The tilt of the Earth seemed to me to explain a good deal. Like many I was instinctively drawn to people, places and things that were a little askew, lop-sided, cock-eyed and crooked: the offbeat lyric and the oddball academic; the eccentric colleague and the curious TV show; the idiosyncratic pub and the irregular street-plan. And I was in equal measure consistently suspicious of the square jawed, level headed, regular looking, straight talking, frank and forthright.

'There was a crooked man, and he walked a crooked mile.
He found a crooked sixpence upon a crooked stile.
He bought a crooked cat, which caught a crooked mouse,
And they all lived together in a little crooked house.’
English Nursery Rhyme

So it came as something of a disappointment when I read that, according to numerous scientific studies, human beings are broadly attracted to people with symmetrical faces. Apparently it’s something to do with our quest for good genes: we assume balanced facial features signify health and longevity.

I beg to differ. The symmetrical face lacks something. It’s too neat and tidy; too regular and even. It’s short on character, forgettable.

Indeed I have been reassured to learn that other academic studies, on perfectly mirrored facial features, suggest that, after all, most people do prefer a slightly asymmetrical countenance.

Alex John Beck - Project Both Sides Of

Alex John Beck - Project Both Sides Of

In his 2014 project, ‘Both Sides Of,‘ photographer Alex John Beck created mirror images of the left and right halves of sitters’ faces and set them side-by-side. There’s something eerie and uncomfortable about the results. The mirrored models look disarmingly alien.

Of course, in the field of commerce there is a strong predisposition to impose logic, order and good sense; to classify and categorise; to tidy up, set straight and smooth over.

But we should always embrace asymmetries – of personality, looks and behaviour. Because difference gets us noticed, suggests character, prompts conversation, lingers in the memory. Difference makes us human. And critically for the communication business, difference creates difference.

So if ever you’re tempted to play things safe, to follow the conventional path, the straight and narrow, remember Den’s instruction. The world tilts at twenty-three and a half degrees. It is skew-whiff. And life isn’t quite logical.

'When I was young, it seemed that life was so wonderful,
A miracle, oh it was beautiful, magical.
And all the birds in the trees, well they'd be singing so happily,
Oh joyfully, playfully watching me.
But then they sent me away to teach me how to be sensible,
Logical, oh responsible, practical.
And they showed me a world where I could be so dependable,
Oh clinical, oh intellectual, cynical.’

Supertramp, The Logical Song (Richard Davies / Roger Hodgson)

No. 188

The Red Buoy: Beware Being Repositioned by the Competition

JMW Turner - Helvoetsluys

JMW Turner - Helvoetsluys

JMW Turner was born in 1775 in Covent Garden where his father was a barber and wig-maker. John Constable, born in Suffolk a year later, was the son of a wealthy corn merchant and miller.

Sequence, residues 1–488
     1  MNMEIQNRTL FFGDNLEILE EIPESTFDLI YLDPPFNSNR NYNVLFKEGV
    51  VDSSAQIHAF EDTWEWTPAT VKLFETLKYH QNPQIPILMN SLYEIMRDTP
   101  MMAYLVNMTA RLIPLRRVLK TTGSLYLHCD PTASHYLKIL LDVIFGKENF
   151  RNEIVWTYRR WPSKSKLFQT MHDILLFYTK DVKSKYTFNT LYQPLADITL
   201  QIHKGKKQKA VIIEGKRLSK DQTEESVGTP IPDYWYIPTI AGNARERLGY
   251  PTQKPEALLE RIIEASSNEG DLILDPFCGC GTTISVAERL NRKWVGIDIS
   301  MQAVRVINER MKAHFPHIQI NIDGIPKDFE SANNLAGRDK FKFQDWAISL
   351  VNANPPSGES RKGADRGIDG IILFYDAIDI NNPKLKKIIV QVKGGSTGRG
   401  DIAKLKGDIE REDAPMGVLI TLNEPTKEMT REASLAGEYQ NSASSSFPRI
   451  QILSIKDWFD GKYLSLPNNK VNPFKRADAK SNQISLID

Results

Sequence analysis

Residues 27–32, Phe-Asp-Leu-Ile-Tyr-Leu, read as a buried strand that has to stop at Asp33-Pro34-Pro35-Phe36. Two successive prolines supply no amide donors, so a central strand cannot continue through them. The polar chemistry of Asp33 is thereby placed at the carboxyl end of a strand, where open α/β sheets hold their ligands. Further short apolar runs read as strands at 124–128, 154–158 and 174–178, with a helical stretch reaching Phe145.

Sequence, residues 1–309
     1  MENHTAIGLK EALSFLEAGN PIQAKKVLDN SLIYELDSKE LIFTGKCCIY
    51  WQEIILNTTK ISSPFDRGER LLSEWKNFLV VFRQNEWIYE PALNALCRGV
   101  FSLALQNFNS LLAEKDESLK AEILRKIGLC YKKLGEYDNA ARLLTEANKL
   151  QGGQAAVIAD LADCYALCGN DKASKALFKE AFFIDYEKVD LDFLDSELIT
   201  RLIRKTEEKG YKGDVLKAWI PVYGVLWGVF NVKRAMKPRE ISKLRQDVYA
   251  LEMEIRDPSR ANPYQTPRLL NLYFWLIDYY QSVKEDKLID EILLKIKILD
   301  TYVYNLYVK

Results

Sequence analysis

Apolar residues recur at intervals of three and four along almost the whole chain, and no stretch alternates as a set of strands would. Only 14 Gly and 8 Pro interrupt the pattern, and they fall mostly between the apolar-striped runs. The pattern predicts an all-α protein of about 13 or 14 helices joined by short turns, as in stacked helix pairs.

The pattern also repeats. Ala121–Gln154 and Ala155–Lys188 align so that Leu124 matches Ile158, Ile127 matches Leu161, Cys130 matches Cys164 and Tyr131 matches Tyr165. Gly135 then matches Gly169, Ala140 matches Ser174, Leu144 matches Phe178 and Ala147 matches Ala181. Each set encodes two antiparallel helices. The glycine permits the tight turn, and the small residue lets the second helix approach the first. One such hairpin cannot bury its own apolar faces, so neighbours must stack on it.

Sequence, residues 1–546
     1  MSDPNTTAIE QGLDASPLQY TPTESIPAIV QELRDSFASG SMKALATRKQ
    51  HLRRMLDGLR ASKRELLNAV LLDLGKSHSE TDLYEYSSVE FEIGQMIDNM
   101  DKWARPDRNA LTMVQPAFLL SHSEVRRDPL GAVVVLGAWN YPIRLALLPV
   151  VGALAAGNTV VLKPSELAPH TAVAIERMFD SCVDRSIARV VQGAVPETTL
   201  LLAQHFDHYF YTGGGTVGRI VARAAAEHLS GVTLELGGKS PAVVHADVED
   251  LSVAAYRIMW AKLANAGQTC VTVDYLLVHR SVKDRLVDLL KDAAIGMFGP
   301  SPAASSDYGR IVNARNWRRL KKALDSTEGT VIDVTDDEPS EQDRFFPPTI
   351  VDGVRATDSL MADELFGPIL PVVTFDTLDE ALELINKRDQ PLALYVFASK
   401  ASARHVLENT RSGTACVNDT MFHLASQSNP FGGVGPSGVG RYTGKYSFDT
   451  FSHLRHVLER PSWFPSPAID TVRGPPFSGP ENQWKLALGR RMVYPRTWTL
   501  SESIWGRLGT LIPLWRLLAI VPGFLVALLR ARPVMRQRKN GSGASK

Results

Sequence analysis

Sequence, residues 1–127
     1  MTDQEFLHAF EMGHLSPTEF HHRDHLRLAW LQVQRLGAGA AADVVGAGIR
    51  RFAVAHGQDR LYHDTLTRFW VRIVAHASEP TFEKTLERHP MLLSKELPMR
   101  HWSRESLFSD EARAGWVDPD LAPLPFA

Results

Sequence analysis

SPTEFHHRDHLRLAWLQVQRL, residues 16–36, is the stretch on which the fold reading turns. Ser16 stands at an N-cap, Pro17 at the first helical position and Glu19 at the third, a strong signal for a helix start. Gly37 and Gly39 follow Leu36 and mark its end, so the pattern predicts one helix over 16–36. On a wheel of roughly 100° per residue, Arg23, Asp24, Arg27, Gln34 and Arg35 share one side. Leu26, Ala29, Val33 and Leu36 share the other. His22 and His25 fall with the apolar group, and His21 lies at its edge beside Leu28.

Together these artists introduced a vibrant new way of depicting landscape. While their predecessors had set out to paint the natural world through mythical idealism or realistic accuracy, Turner and Constable sought to convey its true soul.

Turner painted shipwrecks, fires and fogs; violent seas and fierce storms; the smoke and steam of the industrial revolution. Constable was more gentle at heart. He painted picturesque waterways and working farms; elegant steeples, shimmering rainbows and gossamer clouds. 

Sadly the two artists never got on. Turner, who had been something of a child prodigy, regarded Constable as an upstart. Constable praised Turner in public, but in private described his work as ‘just steam and light’. In the Royal Academy exhibition of 1831 Constable had one of Turner's paintings moved from a prominent position and replaced with one of his own.

At the Royal Academy exhibition the following year Constable and Turner were assigned places alongside each other in one of the main galleries. Constable had been working on ‘The Opening of Waterloo Bridge’ for fifteen years. In the days before the exhibition, artists were allowed to apply a final coat to their paintings as they hung on the gallery walls. And so Constable painstakingly set about his finishing touches.

Turner was showing a sombre seascape, a picture of Dutch ships in a storm,‘Helvoetsluys’. Just before the exhibition opened, he realised his work suffered by comparison with Constable’s. And so he marched in and painted a small bright red buoy in the middle of his canvas. It drew the eye, creating a compelling contrast with the green sea around it. Turner left without saying a word.

Constable was incensed.

‘He has been here and fired a gun.’

The critics agreed that Turner’s simpler, more restrained work made ‘The Opening of Waterloo Bridge’ look complex, fussy and ostentatious. The exhibition was a disaster for Constable.

There’s a lesson for the marketing world here.

John Constable - The Opening of Waterloo Bridge

John Constable - The Opening of Waterloo Bridge

You may be going merrily about your business, doing a decent job, progressing steadily along the tracks. Your brand may be well regarded by consumers. Everything may be OK.

But then out of left field the competition does something radical that rewrites the rules; that reframes the market; that changes the way you’re viewed. Suddenly you no longer seem quite so relevant. You appear a little off the pace, a little out of sorts. Suddenly you look like yesterday’s brand.